How To Safely Dispose of Old Computers
Disposing of computers safely is extremely important, as it is incredibly easy to accidentally give away sensitive information to thieves and fraudsters.
If you put an un-shredded bank statement into the bin, you run the risk of handing over your name, bank details and address in one package. It doesn't take a huge amount of effort for a criminal to convert your rubbish into a fake bank account or loan. Imagine how much information you can pass on if you throw away a computer - you are giving away everything a fraudster needs to access the finances of your business. The most important thing to do is to clean the hard drive, thereby disposing of all your data.
Deleting files isn’t enough.
Reformatting your PC's hard drive - or even deleting its partition - won't place data out of the reach of thieves. And ‘deleting' files by putting them into the Windows recycle bin won't do any such thing - any data-recovery software will be able to access them.
Encrypt a file before you delete it and it won't be easy to decrypt the data. Destroy the encryption key and the chances are that no one else will be able to decrypt the title. You could buy a third-party encryption tool, but with certain version of Windows you don't have to. To use Windows XP Pro's built-in encryption, right-click the files or folders you want to encrypt. Choose Properties, Advanced, tick the box for ‘Encrypt contents to secure data' and click OK. The same feature is available in Windows Vista.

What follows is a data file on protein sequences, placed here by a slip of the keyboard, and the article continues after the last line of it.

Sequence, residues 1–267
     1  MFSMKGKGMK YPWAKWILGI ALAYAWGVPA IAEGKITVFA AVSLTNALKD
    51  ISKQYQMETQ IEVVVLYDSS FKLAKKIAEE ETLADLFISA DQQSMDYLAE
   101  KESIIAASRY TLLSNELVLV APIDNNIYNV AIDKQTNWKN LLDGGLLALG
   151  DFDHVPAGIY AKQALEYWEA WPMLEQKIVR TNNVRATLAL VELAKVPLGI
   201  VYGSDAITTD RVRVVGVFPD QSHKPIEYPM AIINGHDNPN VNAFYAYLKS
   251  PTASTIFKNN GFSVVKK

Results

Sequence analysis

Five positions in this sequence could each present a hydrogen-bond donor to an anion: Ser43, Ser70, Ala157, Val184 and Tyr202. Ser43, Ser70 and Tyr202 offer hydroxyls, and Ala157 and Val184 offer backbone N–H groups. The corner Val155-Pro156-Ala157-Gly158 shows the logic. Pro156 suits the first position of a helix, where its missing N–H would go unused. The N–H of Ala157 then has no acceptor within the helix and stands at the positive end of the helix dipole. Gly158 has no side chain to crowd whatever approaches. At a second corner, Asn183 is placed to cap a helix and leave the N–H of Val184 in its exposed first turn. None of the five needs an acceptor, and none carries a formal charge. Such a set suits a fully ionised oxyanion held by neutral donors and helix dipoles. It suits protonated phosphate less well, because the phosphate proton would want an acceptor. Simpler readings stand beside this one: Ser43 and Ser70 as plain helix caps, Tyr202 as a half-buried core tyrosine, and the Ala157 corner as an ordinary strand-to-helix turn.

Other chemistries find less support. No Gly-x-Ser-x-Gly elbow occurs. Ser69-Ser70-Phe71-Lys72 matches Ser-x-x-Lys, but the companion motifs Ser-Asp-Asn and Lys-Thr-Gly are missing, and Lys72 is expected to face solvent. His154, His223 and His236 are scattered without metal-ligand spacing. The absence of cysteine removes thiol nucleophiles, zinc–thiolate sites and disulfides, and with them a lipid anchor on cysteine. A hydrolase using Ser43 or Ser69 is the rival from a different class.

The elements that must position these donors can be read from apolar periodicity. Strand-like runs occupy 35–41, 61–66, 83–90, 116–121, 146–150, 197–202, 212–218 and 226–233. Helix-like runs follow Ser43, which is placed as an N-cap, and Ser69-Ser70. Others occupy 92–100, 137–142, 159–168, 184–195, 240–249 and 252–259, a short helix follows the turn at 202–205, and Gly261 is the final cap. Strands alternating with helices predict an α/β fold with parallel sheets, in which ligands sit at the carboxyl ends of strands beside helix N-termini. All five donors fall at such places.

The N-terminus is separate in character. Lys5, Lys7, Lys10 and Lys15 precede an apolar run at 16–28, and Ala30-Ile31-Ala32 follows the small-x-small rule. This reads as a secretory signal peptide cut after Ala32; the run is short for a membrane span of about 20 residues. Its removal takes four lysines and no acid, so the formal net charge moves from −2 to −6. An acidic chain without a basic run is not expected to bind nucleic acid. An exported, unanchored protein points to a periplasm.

A block-erasure utility (available from most PC stores or online) overwrites each ‘block' of data on your hard drive many times, making it unreadable. You first create an ISO file that you burn to a CD. You then boot up your PC using this startup disk and, after a few simple keystrokes, you can destroy your data.
Physically destroy the hard disk
Large corporations and government agencies grind retired hard disks into tiny bits to protect data. Commercial shredders will do the same, but at a price. You could simply take a hammer to your hard disk. This won't put your disk and its data beyond professional data-recoverers, but it will prevent most data theft.